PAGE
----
Raptors coach Nick Nurse heads into another uncertain off-season, but at least he has the certainty of knowing where the next cheque is coming from

Nick Nurse doesn’t know the fate of some of his top players or whether a key assistant or two might be going. There’s no certainty that his bosses will be around for the long term, and it’s anyone’s guess whether or not he’ll coach Canada in an Olympic qualifier, let alone the Tokyo Games.

The Toronto Raptors head coach doesn’t know when his off-season plans can be fully put into place, he’s in the dark as much as anybody about when he might coach an NBA game again, and he’s just come off one of the most emotional seasons of his more than three decades on a basketball bench.

And against all that uncertainty, with all those questions unanswered, with all the weight of a trying season still not fully gone, he’s about done decompressing and ready to get back to work.

“I just literally got off a Zoom call with my staff — it’s not quite time yet, we’re still decompressing — but in a couple weeks, it’s going to be time to get into our off-season development program and start figuring out where our guys are going to be and how we’re going to get to them and make them better,” Nurse said in a wide-ranging half-hour media session Thursday.

But given all he went through this season with the Raptors, dealing with the unknown and rolling with the punches, the 53-year-old should be primed to deal with whatever comes up.

He took a team that suffered no championship hangover to within a last-gasp shot of making it back to the conference final. He managed a roster robbed of two vital championship pieces in Kawhi Leonard and Danny Green and produced the best winning percentage in franchise history. He navigated through a four-month pandemic-induced hiatus, dealt with the emotional fallout of protests against the murders of young Black women and men and the personal strife it caused the men under his leadership.

And, yeah, he had some moments of second-guessing but also a reflection on his apparent ability to handle almost anything

“I’ll be completely honest with you, I’ve had a rough (time) coming out of the season,” he said. “After every loss, when you’re coaching at this level, there’s always many things you would have done differently … so you’re kind of replaying a lot of those things in your head.

“I think that there was a lot of other issues to take on, it was a different leadership, (different) makeup to the season because of COVID, because of Black Lives Matter, because of the bubble.

“There was all kinds of maybe heavier issues to deal with and you kind of just, again, you got to kind of be ready to shift gears and handle those things and open your heart up a little bit and open your mind up a little bit to be able to accept some of those things are happening and try to open your ears up in the end and listen and communicate with people.”

Being adaptable could be vital, given the changes that may be coming.

Nate Bjorkgren, Nurse’s close friend and an assistant coach colleague for decades, is a finalist for the vacant Indianapolis job, and another assistant, Adrian Griffin, may get interviews for one of the other NBA vacancies.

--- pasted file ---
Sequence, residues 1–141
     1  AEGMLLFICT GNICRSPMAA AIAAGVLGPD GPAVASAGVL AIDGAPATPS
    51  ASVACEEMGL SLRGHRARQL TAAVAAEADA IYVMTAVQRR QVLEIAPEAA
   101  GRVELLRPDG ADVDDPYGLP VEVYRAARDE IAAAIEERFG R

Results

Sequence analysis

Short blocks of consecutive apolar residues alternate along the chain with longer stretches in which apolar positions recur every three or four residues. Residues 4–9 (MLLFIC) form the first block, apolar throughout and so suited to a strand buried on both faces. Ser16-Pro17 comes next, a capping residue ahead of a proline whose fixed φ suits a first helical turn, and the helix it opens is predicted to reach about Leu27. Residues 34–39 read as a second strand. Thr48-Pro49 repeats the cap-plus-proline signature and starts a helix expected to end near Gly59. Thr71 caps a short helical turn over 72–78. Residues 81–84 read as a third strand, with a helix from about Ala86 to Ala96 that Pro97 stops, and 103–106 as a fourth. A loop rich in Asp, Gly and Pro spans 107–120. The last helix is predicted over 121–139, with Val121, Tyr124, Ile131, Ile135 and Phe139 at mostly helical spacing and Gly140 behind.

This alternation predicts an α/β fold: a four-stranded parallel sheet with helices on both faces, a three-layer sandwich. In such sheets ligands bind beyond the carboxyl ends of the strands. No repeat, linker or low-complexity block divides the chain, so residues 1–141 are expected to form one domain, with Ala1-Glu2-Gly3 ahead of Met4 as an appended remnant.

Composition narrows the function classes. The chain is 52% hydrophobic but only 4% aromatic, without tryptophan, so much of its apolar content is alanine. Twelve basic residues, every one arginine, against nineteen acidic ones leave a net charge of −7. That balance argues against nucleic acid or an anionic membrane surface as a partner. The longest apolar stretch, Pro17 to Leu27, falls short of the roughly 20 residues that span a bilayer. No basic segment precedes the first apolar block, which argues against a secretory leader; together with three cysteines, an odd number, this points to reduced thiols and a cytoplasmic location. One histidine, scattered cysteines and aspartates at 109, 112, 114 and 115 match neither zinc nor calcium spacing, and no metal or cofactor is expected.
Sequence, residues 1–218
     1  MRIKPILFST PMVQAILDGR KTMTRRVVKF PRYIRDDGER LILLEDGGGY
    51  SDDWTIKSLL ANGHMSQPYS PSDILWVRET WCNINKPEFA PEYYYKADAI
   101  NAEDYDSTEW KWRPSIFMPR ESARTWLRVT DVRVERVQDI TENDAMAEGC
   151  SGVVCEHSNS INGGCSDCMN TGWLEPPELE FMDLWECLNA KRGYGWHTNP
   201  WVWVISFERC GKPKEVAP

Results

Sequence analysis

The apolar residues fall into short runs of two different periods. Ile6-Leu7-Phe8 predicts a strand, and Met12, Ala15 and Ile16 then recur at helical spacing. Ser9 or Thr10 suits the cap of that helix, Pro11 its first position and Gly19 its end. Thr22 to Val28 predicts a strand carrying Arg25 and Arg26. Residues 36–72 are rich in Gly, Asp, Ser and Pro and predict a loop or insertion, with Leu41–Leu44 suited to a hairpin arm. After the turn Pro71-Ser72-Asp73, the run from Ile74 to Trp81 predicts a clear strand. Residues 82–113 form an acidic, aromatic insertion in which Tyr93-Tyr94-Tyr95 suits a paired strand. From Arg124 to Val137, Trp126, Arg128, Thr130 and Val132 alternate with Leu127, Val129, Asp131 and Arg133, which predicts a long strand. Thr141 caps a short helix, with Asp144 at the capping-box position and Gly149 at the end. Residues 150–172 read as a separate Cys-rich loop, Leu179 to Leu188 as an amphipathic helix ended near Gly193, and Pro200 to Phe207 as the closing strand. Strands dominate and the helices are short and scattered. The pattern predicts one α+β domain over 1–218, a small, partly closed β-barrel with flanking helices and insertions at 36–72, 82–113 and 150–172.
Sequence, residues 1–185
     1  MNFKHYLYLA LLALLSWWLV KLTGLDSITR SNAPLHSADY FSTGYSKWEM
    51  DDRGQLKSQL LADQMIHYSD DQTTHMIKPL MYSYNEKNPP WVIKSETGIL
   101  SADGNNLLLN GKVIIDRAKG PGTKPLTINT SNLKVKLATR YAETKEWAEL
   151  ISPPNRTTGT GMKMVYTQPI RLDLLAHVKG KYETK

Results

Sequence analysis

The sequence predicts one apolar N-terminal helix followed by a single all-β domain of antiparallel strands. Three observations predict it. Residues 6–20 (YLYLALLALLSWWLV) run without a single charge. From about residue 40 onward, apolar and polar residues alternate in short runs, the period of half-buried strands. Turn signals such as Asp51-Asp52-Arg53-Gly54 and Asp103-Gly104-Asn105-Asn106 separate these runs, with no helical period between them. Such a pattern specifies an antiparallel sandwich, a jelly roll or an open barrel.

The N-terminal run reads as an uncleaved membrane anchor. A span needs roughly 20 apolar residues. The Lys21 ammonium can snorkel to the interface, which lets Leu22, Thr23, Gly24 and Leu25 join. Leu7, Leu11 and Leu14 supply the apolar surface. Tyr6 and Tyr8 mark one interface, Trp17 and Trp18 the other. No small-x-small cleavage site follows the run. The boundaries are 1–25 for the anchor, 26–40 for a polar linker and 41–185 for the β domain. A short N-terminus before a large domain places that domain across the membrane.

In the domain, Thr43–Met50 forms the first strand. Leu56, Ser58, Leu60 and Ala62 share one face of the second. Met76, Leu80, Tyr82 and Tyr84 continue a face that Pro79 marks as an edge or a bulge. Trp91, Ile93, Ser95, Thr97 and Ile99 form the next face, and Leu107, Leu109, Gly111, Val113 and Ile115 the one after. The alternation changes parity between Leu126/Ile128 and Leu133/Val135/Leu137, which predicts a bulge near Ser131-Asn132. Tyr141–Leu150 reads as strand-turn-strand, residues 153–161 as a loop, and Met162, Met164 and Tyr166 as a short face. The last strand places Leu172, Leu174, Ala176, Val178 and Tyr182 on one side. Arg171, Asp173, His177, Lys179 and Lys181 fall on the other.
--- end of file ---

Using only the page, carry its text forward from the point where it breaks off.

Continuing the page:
No one knows if any or all of Fred VanVleet, Serge Ibaka, Marc Gasol, Chris Boucher and Rondae Hollis-Jefferson — all among the top 10 rotation players on the team — will be back as they enter free agency this off-season.

And while it’s expected that general manager Bobby Webster is close to agreeing to a contract extension, he hasn’t yet, and president Masai Ujiri is not under contract past the end of next season.

“We’ve been together, Bobby, Masai and I, for seven years now — only a real close working relationship for two, since I became a head coach — and we feel like a team,” Nurse said. “We feel like a team that leads the organization.

“So, yeah, there’s a little concern. I was never concerned that they were not going to get a deal done for me. I feel the same way about Bobby and the same for Masai. If something changes, we’ll do the best we can.”

Nurse’s biggest concerns may come when he gets back in the gym, working with players and getting ready for the 2020-21 season, which is not likely to begin until January. It’s frustrating dealing with the unknown but necessary. So Nurse and his staff will try to keep things as similar as they can and figure things out when they have to.

“We’ve got some key young players that need to have a great off-season and keep ’er going,” he said. “I know it’s a little weird, a little over the calendar and stuff, but … we love what we’ve been able to do in the off-seasons here for many years and we’ll try to replicate it as best we can.”



Nurse does have the comfort of a new long-term deal of his own, one that pays him a reported $8 million (U.S.) a year that puts him among the top 20 per cent of coaches in the league. The deal was a no-brainer; Nurse has won an NBA championship and a coach of the year award in his first two seasons.

“I love being here and love the job and there’s nothing not to love, man,” he said. “I think it was just pretty much it was time to renew a contract and that’s what we did. It was really, really easy, you know?”

Really, really easy in really, really uncertain times.

Doug Smith



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